We left the Galapagos early on a Saturday morning and flew back to Guayaquil so we were able to spend the whole day in the city before our flight back to New York the next afternoon. Overall we had such an amazing time in the Galapagos, and I highly recommend taking a tour with Lindblad Expeditions. The entire staff was friendly and helpful, and they really take care of you the whole way through.
They had arranged for someone from the hotel to pick us up from the airport when we first arrived in Guayaquil, someone was at the check-in desk to greet us, and they took care of arranging our flights to the Galapagos and back, even picking up our boarding passes for us so we never had to wait in line to check in. Our luggage magically made its way to the ship and back, and even though our AeroGal seats were coach, we always had access to the VIP waiting lounge.
I’ve already raved about the naturalists on board that led all of our hikes and snorkeling adventures, but the crew members on the National Geographic Endeavour were also tremendous. The ship is small enough that we got to know a lot of the staff, like the crew that drove the zodiac boats back and forth from the landing sites. One person on our tour left his camera battery in his room on the ship and one of the crew members immediately retrieved it and brought it to him on the island. It’s little things like that act of kindness that made the trip such a great experience. Every time we entered the dining room someone greeted us by name – try to imagine that happening on one of those giant cruise ships like the one we took to Alaska.
Several people on our tour had taken other trips with Lindblad Expeditions and loved every single one. I wish we had taken our trip to Alaska with them, and even though I had the greatest time our honeymoon in Egypt, I can’t help but wonder if I might have enjoyed it even more had we gone with Lindblad instead. I sincerely hope that this trip to the Galapagos will not have been our first and last voyage with Lindblad Expeditions.
Back in Guayaquil, we headed to the Malecon again after dropping our stuff off at the hotel. We started on one end, where the artisan market is located.
There we picked up a few souvenirs and gifts then continued along the Malecon looking for a place to eat lunch. During our first visit to the city we had noticed a lot of middle eastern restaurants and food stalls. Josh asked one of our cab drivers about that and he said that middle eastern food was very popular in Guayaquil, so we decided to get lunch from a food stall that offered shawarma and falafel.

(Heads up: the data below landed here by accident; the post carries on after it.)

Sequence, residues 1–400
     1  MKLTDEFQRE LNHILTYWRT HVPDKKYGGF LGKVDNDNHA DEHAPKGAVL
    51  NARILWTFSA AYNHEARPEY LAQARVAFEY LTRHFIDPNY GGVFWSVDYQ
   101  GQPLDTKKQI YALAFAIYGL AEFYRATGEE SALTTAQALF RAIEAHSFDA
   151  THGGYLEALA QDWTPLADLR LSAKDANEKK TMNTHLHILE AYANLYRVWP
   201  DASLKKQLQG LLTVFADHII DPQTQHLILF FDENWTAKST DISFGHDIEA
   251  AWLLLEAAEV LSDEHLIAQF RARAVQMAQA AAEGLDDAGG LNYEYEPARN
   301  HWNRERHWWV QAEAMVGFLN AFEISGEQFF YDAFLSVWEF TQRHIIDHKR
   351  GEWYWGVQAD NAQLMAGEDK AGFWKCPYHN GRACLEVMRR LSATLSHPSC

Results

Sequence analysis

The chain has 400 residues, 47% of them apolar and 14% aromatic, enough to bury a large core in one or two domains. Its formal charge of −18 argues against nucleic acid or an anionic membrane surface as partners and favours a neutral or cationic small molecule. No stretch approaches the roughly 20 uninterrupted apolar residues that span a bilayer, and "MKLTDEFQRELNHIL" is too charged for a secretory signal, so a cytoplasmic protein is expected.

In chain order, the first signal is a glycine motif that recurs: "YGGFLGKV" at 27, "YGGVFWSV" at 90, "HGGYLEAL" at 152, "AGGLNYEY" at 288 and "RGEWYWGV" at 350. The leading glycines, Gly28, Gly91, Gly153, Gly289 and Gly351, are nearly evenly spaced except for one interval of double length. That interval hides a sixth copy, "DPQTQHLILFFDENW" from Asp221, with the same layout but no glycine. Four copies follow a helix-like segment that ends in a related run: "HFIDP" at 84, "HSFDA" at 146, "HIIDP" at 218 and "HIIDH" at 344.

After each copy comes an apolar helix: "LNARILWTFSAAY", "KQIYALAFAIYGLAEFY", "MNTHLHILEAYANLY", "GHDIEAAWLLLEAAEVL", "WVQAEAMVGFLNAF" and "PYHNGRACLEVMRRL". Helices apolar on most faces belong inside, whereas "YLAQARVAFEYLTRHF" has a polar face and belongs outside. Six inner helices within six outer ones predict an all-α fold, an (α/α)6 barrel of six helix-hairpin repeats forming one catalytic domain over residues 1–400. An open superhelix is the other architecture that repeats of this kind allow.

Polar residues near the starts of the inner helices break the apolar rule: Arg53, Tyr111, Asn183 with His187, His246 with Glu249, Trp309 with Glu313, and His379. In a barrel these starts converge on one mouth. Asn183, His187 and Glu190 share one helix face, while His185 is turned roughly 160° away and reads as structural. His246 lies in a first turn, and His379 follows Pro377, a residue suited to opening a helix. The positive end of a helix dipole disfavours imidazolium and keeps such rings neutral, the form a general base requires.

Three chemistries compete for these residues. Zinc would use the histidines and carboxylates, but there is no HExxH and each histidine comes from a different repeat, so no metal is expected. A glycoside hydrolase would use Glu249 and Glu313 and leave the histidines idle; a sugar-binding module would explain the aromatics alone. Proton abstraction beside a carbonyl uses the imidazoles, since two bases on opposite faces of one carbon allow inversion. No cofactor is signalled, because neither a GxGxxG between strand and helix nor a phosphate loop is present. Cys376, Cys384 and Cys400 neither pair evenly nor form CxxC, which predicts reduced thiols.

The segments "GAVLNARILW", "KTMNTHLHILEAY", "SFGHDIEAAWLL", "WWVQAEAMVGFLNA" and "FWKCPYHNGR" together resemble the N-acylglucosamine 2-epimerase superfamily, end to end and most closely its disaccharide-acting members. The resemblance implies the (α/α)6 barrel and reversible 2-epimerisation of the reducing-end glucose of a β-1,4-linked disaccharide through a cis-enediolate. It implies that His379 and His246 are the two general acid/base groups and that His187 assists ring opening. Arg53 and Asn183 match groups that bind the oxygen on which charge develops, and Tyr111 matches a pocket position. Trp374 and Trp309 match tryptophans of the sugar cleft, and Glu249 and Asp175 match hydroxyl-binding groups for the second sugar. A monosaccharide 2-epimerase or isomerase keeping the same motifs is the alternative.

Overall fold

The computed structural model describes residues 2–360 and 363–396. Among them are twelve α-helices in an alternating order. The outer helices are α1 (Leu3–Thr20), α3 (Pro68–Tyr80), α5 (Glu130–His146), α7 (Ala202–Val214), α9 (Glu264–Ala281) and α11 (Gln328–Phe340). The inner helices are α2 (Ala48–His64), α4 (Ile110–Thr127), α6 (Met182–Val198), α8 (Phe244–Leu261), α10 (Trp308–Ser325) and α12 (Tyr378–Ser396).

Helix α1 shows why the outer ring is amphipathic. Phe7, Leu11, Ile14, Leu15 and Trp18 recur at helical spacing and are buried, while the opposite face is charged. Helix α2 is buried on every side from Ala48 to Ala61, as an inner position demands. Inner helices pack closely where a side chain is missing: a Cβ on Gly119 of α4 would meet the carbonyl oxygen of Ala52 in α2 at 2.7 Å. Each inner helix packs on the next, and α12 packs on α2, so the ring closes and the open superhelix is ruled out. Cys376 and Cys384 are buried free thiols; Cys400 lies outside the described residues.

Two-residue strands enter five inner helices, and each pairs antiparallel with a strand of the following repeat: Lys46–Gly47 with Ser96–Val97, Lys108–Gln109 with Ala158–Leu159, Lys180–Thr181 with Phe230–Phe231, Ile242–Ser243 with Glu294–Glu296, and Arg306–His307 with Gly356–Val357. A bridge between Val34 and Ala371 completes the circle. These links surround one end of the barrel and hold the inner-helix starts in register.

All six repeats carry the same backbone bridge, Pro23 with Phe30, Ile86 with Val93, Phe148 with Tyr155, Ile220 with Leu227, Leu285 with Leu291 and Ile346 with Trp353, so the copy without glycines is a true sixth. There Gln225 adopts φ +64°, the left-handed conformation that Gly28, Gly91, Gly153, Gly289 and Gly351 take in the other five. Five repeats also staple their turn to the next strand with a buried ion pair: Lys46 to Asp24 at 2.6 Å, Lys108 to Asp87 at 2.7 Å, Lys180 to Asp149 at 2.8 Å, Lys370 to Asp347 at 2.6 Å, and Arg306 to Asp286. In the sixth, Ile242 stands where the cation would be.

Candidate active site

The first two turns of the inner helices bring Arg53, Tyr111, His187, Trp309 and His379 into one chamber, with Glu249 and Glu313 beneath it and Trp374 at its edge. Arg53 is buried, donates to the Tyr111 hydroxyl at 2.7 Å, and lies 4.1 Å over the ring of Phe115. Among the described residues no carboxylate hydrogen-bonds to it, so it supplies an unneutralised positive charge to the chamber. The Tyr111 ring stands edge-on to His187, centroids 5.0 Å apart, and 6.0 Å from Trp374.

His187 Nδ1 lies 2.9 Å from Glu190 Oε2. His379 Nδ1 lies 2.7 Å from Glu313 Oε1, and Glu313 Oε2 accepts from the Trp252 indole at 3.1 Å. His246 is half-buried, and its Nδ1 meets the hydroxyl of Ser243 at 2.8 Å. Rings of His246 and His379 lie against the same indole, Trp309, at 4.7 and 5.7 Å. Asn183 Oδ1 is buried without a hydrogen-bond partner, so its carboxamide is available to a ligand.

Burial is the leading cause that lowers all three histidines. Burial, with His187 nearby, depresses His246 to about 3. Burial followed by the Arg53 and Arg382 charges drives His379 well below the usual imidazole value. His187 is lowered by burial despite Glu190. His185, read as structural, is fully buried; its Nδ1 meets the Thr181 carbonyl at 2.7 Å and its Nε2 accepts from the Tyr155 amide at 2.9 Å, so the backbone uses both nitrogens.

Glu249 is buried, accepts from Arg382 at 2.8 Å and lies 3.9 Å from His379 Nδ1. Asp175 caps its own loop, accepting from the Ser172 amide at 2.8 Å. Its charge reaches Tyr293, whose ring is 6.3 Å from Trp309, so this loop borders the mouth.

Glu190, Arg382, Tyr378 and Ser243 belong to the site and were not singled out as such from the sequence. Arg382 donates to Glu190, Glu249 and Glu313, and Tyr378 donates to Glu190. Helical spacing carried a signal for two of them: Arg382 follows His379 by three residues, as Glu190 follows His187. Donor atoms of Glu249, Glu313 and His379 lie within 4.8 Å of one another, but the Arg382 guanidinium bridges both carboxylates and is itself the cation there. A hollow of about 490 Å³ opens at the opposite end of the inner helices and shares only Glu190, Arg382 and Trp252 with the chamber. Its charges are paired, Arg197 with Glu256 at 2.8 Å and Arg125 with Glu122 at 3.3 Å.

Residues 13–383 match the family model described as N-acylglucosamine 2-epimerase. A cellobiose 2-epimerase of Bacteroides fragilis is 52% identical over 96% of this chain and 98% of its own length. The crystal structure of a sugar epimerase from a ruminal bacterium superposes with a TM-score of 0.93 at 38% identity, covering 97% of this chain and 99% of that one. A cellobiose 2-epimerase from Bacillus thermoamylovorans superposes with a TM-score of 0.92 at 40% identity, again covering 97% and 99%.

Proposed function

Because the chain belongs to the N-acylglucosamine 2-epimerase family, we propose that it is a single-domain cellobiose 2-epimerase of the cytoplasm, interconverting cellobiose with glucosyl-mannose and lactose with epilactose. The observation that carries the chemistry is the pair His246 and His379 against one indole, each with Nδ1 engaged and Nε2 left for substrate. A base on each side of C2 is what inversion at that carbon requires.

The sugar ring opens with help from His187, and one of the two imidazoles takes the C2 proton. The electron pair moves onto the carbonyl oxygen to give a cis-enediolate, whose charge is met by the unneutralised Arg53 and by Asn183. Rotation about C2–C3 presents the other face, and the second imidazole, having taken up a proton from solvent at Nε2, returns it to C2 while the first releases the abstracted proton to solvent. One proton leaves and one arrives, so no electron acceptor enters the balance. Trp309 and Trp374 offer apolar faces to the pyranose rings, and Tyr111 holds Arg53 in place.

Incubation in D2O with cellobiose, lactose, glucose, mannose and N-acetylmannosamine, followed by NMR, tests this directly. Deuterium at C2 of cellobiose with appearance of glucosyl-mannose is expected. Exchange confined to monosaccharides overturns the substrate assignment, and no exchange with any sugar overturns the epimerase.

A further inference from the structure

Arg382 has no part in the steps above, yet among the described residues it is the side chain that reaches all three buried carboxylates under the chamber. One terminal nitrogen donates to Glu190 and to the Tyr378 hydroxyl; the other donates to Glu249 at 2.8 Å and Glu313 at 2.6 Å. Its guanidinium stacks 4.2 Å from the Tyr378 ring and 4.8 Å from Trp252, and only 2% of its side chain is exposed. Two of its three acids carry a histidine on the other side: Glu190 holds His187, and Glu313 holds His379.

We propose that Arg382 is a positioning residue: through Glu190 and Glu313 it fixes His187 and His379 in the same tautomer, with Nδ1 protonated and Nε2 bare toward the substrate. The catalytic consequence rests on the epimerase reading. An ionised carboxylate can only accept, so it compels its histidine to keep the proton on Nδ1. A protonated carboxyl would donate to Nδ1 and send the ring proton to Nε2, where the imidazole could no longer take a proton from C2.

The falafel was shaped in a long log rather than individual balls, which was unusual but kind of smart as it made the sandwich easier to eat. However, it didn’t taste anything like falafel to me. There was very little seasoning, and it actually tasted really starchy, like fried green plantains rather than fried chickpeas.
The shawarma also didn’t taste like typical middle eastern food to me. The seasonings were very different, and the chicken had a strong lime flavor to it, which I found unusual. Neither of the sandwiches were bad, they just weren’t what I was expecting. We did top them off with squeeze bottles of garlic sauce and hot sauce, which helped boost up the flavor a bit.
I of course also wanted salchipapas with our lunch. We made the mistake of ordering them from the stand next to the shawarma stand, which was a pizza stand rather than one serving traditional Ecuadorian food.
The French fries were soggy and oily, and the hot dogs were just gross. I don’t think they were spoiled, they just had a bad taste to them. We kind of picked around the fries and left the hot dogs untouched on our plate. Bleh.
After lunch (which cost like $8 even with two beers), we stopped for some 75 cent ice cream cones from McDonalds. The cone itself was weird, kind of mix between a cake cone and a sugar cone, but the vanilla soft serve tastes the same at McDonalds everywhere. It was refreshing in the hot heat of the afternoon.
We walked all the way down the Malecon to the other end and then hiked up Santa Ana Hill to the lighthouse on top. It was quite a climb – 444 steps altogether, but it was worth it. We were able to see the beautiful Las Penas neighborhood with colorful houses, and the view from the top was spectacular, giving us a 360 degree panorama of the entire city.